[Edinburgh, 1832: 'The first voting which took place on the Reform Bill'.] Manuscript 'Copy of Entry in the Register of Qualified Voters for the City of Edinburgh', signed by Carlyle Bell, Conjunct-Clerk, on George Berry of Antigua Street.

Author: 
Carlyle Bell (c.1779-1850), Conjunct-Clerk [joint town clerk] of the the City of Edinburgh [Great Reform Act, 1832]
Publication details: 
Entry dated 13 September 1832.
£350.00

A nice piece of Edinburgh historical ephemera. See the entry on George Berry (1795-c.1874), the first man to register to vote there following the passing the Great Reform Act, in the Proceedings of the Royal Society of Edinburgh, 1874-1875, where he is described as 'an enthusiastic "Free Trader"'. 40 x 10 cm slip of laid paper, with printed form on one side, headed 'COPY of ENTRY in the REGISTER of QUALIFIED VOTERS for the CITY of EDINBURGH.' In fair condition, lightly aged and creased, with clean vertical cut unobtrusively repaired with archival tape.

[Royal Mail; General Post Office.] Six items in Postal History: subscription form for Post Office Relief Fund, 1914; circular from E. W. Walker of National Federation of Sub-Postmasters; article on 'A Postal Anniversary'; three Glasgow District items

Author: 
[Royal Mail; General Post Office; postal history; Post Office Relief Fund, 1914; National Federation of Sub-Postmasters; Glasgow District Manager; George Ritchie of Linlithgow]
Publication details: 
[Royal Mail; General Post Office; Glasgow District Manager] 1914, 1916 and 1940.
£220.00

Six items. The collection in fair condition, apart from Item Two. ONE: Printed form, a 'List of Subscribers' for the 'Post Office Relief Fund. | Second Appeal.' Dated '11/14T', i.e. November 1914. (In 1914 the Post Office set up a relief fund to help relatives of GPO staff who had gone off to fight.) 1p, folio. Eleven lines of text are followed by the 'List of Subscribers', in three columns headed: 'Name', 'Rate for every complete 10/-' and 'I hereby authorise the deduction of my Subscription from my salary', the last subdivided into 'Signature' and 'Rank'.

[1864 Oxford Diary of George Tate Medd.] Autograph Diary describing his stay with his brother C. S. Medd of University College, with reference to Wilberforce, Jowett, 'Athletic sports' against Cambridge.

Author: 
George Tate Medd (1837-1907), Royal Navy officer, later Vicar of Whitchurch [Charles Septimus Medd, Fellow of University College, Oxford]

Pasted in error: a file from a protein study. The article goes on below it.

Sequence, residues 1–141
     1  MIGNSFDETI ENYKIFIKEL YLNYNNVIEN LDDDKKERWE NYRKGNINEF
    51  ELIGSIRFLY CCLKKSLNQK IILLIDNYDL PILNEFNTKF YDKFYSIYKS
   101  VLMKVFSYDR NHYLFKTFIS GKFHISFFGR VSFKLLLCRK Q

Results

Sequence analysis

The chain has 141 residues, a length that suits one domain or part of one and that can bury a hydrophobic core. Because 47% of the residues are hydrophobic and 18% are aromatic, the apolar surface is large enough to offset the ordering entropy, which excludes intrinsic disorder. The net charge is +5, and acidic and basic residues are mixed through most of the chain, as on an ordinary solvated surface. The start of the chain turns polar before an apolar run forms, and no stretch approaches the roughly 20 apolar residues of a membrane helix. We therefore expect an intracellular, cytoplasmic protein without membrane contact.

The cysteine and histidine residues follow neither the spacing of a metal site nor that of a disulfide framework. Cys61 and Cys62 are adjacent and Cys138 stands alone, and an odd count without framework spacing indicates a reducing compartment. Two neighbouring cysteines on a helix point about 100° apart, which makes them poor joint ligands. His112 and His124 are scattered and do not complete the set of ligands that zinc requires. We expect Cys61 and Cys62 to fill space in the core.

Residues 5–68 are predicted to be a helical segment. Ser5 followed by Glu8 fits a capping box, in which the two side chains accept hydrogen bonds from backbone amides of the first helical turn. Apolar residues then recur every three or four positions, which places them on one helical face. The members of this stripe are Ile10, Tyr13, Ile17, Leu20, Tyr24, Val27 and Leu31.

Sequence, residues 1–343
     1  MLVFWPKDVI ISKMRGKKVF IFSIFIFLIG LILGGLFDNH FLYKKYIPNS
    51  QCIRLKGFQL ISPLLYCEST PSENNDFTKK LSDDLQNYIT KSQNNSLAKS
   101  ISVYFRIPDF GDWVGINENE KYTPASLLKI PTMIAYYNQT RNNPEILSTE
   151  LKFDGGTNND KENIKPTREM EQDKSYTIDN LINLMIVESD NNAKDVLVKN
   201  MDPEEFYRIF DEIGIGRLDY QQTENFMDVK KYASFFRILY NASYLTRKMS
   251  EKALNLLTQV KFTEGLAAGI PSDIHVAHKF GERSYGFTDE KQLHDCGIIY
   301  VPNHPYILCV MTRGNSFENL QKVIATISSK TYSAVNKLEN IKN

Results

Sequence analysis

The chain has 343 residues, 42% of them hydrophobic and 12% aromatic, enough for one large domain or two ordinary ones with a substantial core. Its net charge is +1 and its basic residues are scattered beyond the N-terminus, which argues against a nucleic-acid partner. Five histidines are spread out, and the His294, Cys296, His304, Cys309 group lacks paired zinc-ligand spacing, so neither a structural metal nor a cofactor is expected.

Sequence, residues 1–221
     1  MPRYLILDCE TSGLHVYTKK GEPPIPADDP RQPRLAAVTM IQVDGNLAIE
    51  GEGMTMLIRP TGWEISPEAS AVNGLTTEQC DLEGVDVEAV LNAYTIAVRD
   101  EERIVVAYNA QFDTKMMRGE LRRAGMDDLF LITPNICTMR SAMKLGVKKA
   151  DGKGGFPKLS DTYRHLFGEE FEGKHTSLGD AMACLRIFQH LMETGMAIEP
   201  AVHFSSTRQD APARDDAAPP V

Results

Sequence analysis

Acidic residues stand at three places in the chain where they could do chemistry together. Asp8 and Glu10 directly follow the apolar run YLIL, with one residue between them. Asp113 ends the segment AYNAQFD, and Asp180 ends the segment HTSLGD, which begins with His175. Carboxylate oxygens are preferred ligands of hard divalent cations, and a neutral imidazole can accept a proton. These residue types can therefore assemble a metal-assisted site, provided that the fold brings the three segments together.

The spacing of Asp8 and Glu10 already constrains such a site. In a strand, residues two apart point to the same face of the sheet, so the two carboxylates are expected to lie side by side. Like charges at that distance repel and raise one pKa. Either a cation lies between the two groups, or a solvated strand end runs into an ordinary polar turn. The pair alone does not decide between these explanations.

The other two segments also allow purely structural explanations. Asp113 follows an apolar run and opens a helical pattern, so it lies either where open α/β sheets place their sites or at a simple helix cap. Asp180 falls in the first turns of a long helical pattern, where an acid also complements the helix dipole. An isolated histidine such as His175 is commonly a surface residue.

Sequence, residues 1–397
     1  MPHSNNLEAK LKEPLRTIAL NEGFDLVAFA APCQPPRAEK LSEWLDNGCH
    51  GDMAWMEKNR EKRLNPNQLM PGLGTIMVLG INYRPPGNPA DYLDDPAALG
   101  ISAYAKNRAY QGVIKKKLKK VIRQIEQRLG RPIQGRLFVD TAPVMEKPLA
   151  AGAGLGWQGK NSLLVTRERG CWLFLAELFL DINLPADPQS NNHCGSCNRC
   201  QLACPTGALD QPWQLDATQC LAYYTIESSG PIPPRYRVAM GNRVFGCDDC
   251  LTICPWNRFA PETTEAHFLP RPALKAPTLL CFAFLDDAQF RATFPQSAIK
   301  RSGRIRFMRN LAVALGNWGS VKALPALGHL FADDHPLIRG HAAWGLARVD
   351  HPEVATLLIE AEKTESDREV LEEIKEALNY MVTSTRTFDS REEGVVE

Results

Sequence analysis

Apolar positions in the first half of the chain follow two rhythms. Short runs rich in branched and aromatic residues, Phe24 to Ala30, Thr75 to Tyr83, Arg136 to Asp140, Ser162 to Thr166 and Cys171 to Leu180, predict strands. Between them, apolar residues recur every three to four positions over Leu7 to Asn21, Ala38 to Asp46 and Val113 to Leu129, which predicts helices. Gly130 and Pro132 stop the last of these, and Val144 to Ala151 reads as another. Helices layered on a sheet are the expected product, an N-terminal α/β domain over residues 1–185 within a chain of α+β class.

Publication details: 
Oxford, 31 December 1863 to 31 December 1864. Diary written out in 'Pawsey's Pocket Diary, and Almanack, for 1864' (London: Peacock, Mansfield, & Co.).
£320.00

Medd's autograph diary and memoranda fill the 144pp and prelims of the printed 16mo almanack and diary, which is in a 10.5 x 6.5 cm brown leather flapped binding. Ownership inscription: 'George Tate Medd | 4. Magdalen Terrace | Iffley Road | Oxford'. Medd was not a student at the University, but having been invalided out of the army (see below), he was staying with his brother Charles Septimus Medd (for whom see Alum. Oxon.) whose election as a Fellow of University College he records at the beginning of the volume with a 'Hurrah'.

[British Army Regimental Colonels during the reigns of William and Mary and Queen Anne.] Contemporary Manuscript of Regimental Colonels in Britain, South Britain, North Britain [Scotland], Ireland, Gibraltar and Port Mahon (Minorca), with emendations

Author: 
British Army Regimental Colonels during the reigns of William and Mary and Queen Anne
Publication details: 
No date but circa 1715, and amended until the mid-1720s. No place [War Office, London?]
£280.00

The present early eighteenth-century document lists the heads of British Army regiments from the period of the Glorious Revolution to the accession of George I. Internal evidence suggests that it was compiled around 1715, and that it was amended until the mid-1720s. The care with which it was compiled, over a decade and in a number of hands, would appear to suggest some sort of official standing. It is on nineteen 18 x 7.5 cm leaves of laid paper, formed in ten bifoliums, now loose but originally bound together, and with traces of thread still present.

[General Sir William Napier, Irish soldier, historian of the Peninsular War.] Autograph Letter Signed ('W N') to 'Macdonald', declining to ask for rank of Knight Commander of the Order of the Bath, with resentment towards Admiral Sir William Parker.

Author: 
Sir William Napier [General Sir William Francis Patrick Napier] (1785-1860), Irish soldier in British Army and military historian of the Peninsular War [Admiral Sir William Parker]
Publication details: 
'Rotterdam Dec 13' [on paper with watermark date 1830].
£100.00

4pp, 12mo. Bifolium. In good condition, on lightly-aged paper, with minor traces of tape from mount adhering along one edge. Endorsed 'Genl. Wm. Napier'. On wove paper with watermark 'CANSELL | 1830'. The letter - written with energy and some resentment - refers to Admiral Sir William Parker (1781-1866), who was made a Knight Commander of the Order of the Bath in 1815.

[Sir Francis Palgrave [born Francis Ephraim Cohen], archivist and historian.] Autograph Letter Signed ('Francis Palgrave'), regarding a statement which the recipient may wish to make to 'the Speaker' [of the House of Commons].

Author: 
Sir Francis Palgrave [born Francis Ephraim Cohen] (1788-1861), archivist and historian, Deputy Keeper of the Public Record Office from its foundation in 1838 to his death
Publication details: 
[Commission for Historic Manuscripts, London.] No date [on paper with watermarked date 1832].
£50.00